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Monday, April 8, 2013

Dollhouse wiring

In Fi's newest post she mentions a desire to change some of her lights, well Fi, I know it is too late to change your lights now, but I thought I would tell you all how I do mine. When it comes to lights and copper tape, I am a BIG pessimist, I have heard too many sad stories about dollhouses where half the lights doesn't work many years later, and so decided to install my lights in such a way that they are removable and replaceable if needed, either because of malfunction or seeing a fitting I like more. Of course this all means careful planning in advance. One thing I have to mention is that I am building my house floor by floor, I first build up the walls and only when I am done with each room's decorating do I move on to making the ceilings and floor, I always make the channels and holes for the wires first, then the floor planks gets installed and lastly the ceiling on the underside of the floor.



Here in the parlor floor you can see the channel for the dining room light with the wire in the channel and exiting the house in the back, the center floor plank is loose.















The floor plank put in place, I just used veneer and it is curling up in the front a bit, I will just use very thin double sided tape to keep it in place, a rug will also cover most of this floor plank. You can see in this photo that the hearth stone is missing and the fire surround is floating in the air.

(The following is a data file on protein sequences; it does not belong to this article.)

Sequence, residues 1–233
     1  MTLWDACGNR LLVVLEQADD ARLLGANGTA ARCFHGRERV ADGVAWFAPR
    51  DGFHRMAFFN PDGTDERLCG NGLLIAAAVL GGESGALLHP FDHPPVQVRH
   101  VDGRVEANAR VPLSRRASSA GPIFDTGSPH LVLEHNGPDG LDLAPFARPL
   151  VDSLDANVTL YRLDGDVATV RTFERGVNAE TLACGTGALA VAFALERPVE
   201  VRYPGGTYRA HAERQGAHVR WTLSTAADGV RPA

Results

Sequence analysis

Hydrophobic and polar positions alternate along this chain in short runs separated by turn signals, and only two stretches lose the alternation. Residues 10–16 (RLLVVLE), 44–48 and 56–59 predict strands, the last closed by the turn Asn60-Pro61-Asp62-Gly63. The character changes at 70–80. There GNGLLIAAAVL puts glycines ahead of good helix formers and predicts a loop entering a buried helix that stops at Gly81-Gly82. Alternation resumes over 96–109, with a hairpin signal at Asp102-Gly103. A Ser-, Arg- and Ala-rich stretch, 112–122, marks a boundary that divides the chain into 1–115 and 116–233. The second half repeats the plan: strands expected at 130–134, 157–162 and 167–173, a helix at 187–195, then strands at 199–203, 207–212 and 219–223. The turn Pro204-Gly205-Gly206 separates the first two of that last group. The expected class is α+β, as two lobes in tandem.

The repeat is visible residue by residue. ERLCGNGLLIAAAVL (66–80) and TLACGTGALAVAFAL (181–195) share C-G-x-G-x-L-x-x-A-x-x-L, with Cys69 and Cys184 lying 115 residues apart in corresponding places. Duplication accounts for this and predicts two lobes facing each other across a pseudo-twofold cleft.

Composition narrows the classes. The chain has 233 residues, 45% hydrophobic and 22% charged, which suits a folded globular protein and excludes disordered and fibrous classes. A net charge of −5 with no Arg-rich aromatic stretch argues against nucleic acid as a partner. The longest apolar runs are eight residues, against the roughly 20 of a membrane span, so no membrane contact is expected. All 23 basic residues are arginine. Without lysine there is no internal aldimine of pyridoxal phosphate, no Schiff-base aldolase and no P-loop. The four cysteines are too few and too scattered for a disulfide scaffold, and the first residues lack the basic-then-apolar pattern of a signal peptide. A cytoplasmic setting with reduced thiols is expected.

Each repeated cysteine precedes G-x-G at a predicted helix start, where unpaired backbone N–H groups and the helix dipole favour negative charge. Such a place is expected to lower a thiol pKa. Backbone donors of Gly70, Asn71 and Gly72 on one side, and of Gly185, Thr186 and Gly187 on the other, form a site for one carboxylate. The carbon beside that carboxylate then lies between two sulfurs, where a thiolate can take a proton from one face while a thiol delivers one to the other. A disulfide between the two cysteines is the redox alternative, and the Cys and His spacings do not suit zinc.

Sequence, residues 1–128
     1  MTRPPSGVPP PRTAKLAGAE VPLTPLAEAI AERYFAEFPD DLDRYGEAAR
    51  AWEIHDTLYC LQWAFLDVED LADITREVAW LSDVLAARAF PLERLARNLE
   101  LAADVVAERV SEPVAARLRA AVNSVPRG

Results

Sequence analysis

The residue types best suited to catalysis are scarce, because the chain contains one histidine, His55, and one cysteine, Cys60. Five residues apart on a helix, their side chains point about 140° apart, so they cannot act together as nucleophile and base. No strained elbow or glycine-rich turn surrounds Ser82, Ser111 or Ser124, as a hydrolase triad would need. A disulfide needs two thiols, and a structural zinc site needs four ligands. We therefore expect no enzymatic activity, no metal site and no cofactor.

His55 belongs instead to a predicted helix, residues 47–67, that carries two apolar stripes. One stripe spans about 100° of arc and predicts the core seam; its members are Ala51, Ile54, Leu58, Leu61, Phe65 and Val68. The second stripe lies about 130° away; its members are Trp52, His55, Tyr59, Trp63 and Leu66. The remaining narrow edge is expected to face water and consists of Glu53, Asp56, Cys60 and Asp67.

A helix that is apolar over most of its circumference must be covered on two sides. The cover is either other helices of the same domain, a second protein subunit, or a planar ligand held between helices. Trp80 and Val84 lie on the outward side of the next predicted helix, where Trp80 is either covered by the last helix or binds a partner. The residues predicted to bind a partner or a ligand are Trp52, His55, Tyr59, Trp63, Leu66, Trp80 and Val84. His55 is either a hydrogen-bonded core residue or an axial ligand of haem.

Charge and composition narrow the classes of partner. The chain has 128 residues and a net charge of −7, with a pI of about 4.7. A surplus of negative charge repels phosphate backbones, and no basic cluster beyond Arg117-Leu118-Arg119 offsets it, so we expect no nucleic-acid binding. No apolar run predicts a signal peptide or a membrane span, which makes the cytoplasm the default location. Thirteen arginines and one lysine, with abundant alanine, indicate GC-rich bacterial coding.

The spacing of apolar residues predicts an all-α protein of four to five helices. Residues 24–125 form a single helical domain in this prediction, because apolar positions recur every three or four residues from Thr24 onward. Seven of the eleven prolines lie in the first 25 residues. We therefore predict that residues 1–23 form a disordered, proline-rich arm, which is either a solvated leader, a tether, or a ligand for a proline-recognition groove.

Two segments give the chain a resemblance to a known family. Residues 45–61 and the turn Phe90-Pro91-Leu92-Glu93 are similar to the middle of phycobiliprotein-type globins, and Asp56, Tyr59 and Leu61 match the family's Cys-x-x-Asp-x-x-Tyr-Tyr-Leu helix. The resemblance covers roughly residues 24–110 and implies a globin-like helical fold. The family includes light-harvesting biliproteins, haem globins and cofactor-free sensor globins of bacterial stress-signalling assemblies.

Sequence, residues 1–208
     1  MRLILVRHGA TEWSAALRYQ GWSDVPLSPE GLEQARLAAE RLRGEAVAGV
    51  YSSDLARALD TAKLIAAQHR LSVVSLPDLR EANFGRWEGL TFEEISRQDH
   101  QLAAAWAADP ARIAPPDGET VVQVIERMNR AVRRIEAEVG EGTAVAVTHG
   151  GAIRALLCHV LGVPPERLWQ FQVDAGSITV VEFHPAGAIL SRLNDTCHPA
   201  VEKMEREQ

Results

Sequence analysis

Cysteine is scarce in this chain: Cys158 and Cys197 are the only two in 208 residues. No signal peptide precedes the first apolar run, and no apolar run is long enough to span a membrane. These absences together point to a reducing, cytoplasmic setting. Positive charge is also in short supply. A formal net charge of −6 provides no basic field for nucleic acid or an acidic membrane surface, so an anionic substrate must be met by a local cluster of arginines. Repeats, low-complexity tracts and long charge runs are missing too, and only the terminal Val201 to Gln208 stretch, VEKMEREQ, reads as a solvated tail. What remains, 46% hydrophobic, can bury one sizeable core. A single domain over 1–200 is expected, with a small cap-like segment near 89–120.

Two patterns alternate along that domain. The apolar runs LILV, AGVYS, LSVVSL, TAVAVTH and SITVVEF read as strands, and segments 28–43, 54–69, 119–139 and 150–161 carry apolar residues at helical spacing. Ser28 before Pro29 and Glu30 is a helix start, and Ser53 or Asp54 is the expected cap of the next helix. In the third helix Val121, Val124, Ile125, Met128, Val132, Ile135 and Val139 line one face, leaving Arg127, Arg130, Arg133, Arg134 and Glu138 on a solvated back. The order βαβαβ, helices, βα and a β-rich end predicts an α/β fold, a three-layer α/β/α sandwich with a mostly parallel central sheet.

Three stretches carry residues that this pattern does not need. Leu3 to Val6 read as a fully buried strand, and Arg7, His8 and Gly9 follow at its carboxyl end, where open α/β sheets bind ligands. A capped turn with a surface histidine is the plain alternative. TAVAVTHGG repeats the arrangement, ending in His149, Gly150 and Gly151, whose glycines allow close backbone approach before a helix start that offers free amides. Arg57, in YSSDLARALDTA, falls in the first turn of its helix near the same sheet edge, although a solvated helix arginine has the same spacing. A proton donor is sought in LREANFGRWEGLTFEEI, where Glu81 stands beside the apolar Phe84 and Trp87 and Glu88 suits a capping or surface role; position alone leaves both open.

Well, here the hearth stone has been slipped back into place.

















And now the fireplace is in place as well, but all loose and removable. I did exactly the same with the study.

















In the dining room the top brass part of the light fitting is glued to the ceiling, but the chain hangs on a split ring and therefore makes it easy to remove the fitting and pull the wire out of its channel.

My house has a lean-to scullery, I made part of the roof removable to give access to the wire from the scullery light.




















The roof in place.

















The roof upside down and showing the gap to accommodate the wiring....

















A close up shot showing the wire going up the brass tube and then entering the side of the house at an angle, just under the bricks you can see another wire, this is from the lamp in the study, they are both fed through this hole that goes at an angle to the back of the house. The scullery is loose from the main house and will be hinged to the house to give me access to the scullery.

















And here is the back of the house, a chimney breast will fit into the unbricked part that you see here. The wires run in a channel to the center of where the chimney breast will fit in, I will have copper tape run up here to the roof of the house. The string course is loose here and kept in place by magnets. The black wire that you see here is coming from the kitchen light and the big hole above is for the light of the fireplace in the study.

















The wires hidden behind the string course. Well, there you have it, my house will have two chimney breasts in the back, each one centered behind the main rooms on each side of the hallway, with all the wires going there by hook or by crook.

And I can just hear a few of you asking how I made the bricks, that is a story for another day.
Elga 

13 comments:

John said...

Hi Elga,